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20th Jan 2013 9:08am | By Laura Chubb
What’s with all the Aussies living in southwest London? Are they missing a trick?
She Bu. Fulham. Acton. Clapham. ‘Aussie ghettos’ might be putting it a mite strongly, but guys and gals of the green ‘n’ gold persuasion do tend to congregate around the southwest of London.
But is there something to be said for breaking the mould and heading north or east?
Here, four Aussies fight to the death (sort of) over why their north, south, east and west is best.
Anne Elliot, 23, arrived in London from Sydney 18 months ago and made a beeline for Fulham.
After a few months in a hostel on the High Street, she moved into a flat a whole 150 metres down the road.
“There’s a real sense of community between Aussie and Kiwi expats in the southwest,” Elliot, a paralegal at BSkyB, tells us.
“When you’ve moved from the other side of the world, it’s comforting. You meet people who went to the same school as you or lived just down the road.”
“OK, with the Walkabout, there’s a cringe factor. It’s like a mutated version of Oz,” she concedes. “But I love it anyway.”
For Elliott, Fulham is the perfect place for an Aussie in London to start out, balancing new experiences and home comforts.
“It’s London without the mania of central, it’s different from Oz but not too different.
"When you’re having a drink by the river in summer, it’s got that same chilled feel as back home.”
Christy Fowler, 32, from Cessnock, has been in London for nine months. “I avoid places like the Walkabout,” she says.
“They optimise the stereotype that Aussies are loud-mouthed, ‘flip-flop’-wearing yobbos who do nothing but drink beer.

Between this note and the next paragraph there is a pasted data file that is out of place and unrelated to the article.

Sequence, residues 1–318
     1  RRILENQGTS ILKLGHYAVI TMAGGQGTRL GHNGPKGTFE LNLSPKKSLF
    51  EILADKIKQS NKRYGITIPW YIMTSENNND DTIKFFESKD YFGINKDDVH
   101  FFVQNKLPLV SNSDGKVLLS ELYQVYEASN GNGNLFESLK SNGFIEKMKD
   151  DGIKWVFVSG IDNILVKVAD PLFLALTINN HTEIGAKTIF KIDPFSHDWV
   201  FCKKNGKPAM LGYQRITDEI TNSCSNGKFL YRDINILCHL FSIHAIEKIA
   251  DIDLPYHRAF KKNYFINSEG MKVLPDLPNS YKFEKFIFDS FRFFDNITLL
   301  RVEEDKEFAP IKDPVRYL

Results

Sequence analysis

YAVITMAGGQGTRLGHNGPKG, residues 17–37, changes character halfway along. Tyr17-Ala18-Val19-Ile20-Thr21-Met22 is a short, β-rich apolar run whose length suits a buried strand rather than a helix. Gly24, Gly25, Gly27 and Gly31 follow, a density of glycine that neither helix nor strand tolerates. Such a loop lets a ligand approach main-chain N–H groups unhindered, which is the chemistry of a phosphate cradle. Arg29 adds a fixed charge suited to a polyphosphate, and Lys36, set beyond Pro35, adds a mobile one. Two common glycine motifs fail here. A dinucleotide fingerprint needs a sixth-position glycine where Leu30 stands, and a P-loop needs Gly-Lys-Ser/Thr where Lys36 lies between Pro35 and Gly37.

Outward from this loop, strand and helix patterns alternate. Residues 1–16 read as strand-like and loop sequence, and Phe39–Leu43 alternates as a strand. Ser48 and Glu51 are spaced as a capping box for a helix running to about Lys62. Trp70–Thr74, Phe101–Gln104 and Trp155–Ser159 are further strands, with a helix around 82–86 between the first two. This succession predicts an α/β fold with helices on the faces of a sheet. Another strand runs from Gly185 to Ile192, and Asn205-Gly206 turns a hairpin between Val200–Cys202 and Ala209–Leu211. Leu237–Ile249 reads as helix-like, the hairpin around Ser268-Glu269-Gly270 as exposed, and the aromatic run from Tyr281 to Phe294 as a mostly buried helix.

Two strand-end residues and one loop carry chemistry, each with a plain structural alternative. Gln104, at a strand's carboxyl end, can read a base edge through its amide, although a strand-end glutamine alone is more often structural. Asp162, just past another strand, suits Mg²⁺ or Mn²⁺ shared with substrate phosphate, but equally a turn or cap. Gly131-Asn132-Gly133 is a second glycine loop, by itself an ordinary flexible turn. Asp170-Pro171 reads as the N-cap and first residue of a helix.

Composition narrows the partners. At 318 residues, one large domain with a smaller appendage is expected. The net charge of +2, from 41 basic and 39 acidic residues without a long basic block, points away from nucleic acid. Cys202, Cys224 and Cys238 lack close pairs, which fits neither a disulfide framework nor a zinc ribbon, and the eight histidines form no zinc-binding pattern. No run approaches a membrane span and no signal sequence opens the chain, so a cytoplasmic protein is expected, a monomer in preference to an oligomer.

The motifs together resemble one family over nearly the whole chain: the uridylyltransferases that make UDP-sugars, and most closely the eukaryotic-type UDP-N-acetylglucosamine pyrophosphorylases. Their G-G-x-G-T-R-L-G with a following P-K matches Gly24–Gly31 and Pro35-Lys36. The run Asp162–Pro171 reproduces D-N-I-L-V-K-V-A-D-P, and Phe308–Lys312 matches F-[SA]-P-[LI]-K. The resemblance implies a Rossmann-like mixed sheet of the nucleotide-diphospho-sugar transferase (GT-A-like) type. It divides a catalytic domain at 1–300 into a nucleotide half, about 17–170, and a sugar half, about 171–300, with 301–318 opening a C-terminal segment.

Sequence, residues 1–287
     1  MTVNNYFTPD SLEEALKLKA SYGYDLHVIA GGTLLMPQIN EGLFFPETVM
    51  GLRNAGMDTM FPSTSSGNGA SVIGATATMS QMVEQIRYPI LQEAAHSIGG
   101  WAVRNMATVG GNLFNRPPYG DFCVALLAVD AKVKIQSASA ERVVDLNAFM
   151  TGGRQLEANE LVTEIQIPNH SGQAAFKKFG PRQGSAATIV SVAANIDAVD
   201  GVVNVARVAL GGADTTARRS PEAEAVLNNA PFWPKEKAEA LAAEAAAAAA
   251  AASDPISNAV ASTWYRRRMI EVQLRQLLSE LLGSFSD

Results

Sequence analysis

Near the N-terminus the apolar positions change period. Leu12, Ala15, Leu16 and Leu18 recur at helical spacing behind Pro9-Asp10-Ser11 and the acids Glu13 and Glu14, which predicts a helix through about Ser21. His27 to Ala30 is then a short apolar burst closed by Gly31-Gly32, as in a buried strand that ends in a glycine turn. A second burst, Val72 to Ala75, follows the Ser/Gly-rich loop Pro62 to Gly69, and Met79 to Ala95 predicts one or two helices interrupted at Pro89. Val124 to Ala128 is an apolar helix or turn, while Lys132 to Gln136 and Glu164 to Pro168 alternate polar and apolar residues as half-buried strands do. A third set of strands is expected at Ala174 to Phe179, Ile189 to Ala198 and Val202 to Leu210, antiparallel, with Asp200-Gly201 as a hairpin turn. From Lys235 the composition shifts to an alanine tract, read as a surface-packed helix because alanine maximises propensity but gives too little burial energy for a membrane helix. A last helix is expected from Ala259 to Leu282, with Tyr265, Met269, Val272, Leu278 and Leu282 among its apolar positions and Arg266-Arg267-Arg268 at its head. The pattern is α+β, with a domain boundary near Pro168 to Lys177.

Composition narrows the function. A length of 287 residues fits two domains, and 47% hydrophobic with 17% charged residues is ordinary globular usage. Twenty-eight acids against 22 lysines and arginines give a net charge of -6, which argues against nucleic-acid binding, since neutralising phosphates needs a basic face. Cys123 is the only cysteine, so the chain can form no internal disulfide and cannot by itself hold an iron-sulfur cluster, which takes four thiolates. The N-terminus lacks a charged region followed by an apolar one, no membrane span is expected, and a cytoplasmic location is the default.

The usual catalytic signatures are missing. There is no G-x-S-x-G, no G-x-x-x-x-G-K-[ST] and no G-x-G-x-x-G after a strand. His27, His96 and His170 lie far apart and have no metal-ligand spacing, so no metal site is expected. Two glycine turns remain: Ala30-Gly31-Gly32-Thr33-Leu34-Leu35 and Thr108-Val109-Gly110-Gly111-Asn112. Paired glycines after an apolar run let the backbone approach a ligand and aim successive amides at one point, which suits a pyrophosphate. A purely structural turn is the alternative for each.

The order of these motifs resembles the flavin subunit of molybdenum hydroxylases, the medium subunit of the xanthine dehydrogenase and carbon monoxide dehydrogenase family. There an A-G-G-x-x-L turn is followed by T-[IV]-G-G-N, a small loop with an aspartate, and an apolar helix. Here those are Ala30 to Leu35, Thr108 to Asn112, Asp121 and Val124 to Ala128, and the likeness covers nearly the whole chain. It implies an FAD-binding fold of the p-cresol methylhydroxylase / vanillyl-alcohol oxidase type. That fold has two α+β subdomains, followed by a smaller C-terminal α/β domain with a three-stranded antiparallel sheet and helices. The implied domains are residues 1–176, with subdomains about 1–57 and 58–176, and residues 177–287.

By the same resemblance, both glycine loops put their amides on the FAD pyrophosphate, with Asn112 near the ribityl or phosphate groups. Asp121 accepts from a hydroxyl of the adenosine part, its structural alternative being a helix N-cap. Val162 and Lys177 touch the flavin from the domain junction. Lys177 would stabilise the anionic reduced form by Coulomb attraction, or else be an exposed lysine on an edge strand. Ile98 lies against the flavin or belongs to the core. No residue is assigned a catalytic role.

"Too many Aussies are scared to experience London for what it is and go to the safeness and boringness of the southwest.”
While Fowler has made her home in the south, she hasn’t opted for Aussie mainstays such as Putney or Clapham.
Instead, she prefers Peckham, which has gentrified rapidly in recent years, with cute cafes and artists’ studios cropping up alongside its more shabby corners and council estates.
The area is home to a diverse range of communities, from hipsters packing out super-cool bar Frank’s on the 10th floor of a multi-storey car park, to folks from countries as far-ranging as Bangladesh, Turkey and Vietnam.
“Why move to the other side of the world and walk down the high street every day hearing nothing but Aussie accents?” Fowler asks.
“You need to get out and mingle.” Consider yourselves told.
When Kelly Griffin, 27, arrived in London from Melbourne 18 months ago, the only way was east. “Hackney house parties are legendary in Melbourne, so I immediately wanted to be in the middle of all that,” Griffin, a freelance journalist, says.
While it might sound like moving from one hipster hub to another, the Melbournite puts it like this: “East London is world class, as opposed to just being the best in Australia!”
Griffin first settled in Brick Lane, but soon found it too much: “There were prostitutes and drunk people singing outside your house all the time,” she reckons.
She has since moved to London Fields, which she loves. But while Griffin lives right next to a big green space and a calming canal, she admits Hackney is only relaxed in comparison to Brick Lane.
“To me Hackney is chilled, in that there are only a few murders a week!” she laughs.
Living east is an escape from Aussie enclaves, but that’s not to say you won’t meet anyone from Down Under.
Griffin says that when she wants a good coffee, she heads to Kiwi-owned Long White Cloud on Hackney Road. “It’s nice to hear the odd Aussie accent there,” she admits.
Rachel Street, 30, from Brisbane, has lived in London for seven years.
Her first two were spent in Clapham, but she’s whiled away the last five in Cricklewood, and is well and truly converted.
“Living north is a lot better than south,” Street tells us.
“There are better transport links – you’re not just stuck on the Northern line – it’s better value for money, and it’s a lot funkier. Clapham is a bit pretentious now.”
Street explains this part of London is becoming better known for cool muso types and bars, without yet feeling too trendy (a la the east).
Still, Street admits she did live the clichés when she first arrived, including partying at The Church.
“I remember getting tokens that you’d swap for beer in a plastic bag that you then tied to your belt,” she laughs.
“You have to go and do those things at least once. But don’t get stuck in the hub.”
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